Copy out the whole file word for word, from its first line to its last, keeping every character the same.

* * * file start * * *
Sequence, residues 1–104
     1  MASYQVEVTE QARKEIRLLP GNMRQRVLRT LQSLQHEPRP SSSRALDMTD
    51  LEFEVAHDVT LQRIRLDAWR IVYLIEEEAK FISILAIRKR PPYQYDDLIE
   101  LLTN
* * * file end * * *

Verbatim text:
Sequence, residues 1–104
     1  MASYQVEVTE QARKEIRLLP GNMRQRVLRT LQSLQHEPRP SSSRALDMTD
    51  LEFEVAHDVT LQRIRLDAWR IVYLIEEEAK FISILAIRKR PPYQYDDLIE
   101  LLTN